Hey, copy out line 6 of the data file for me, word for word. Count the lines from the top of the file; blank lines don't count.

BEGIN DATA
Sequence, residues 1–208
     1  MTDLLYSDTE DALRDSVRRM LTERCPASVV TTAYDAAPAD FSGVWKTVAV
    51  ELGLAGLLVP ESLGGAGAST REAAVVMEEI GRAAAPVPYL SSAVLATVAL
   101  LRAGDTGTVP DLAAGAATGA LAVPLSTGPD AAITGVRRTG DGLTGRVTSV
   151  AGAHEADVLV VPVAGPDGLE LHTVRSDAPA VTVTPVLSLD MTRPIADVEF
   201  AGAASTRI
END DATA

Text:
   201  AGAASTRI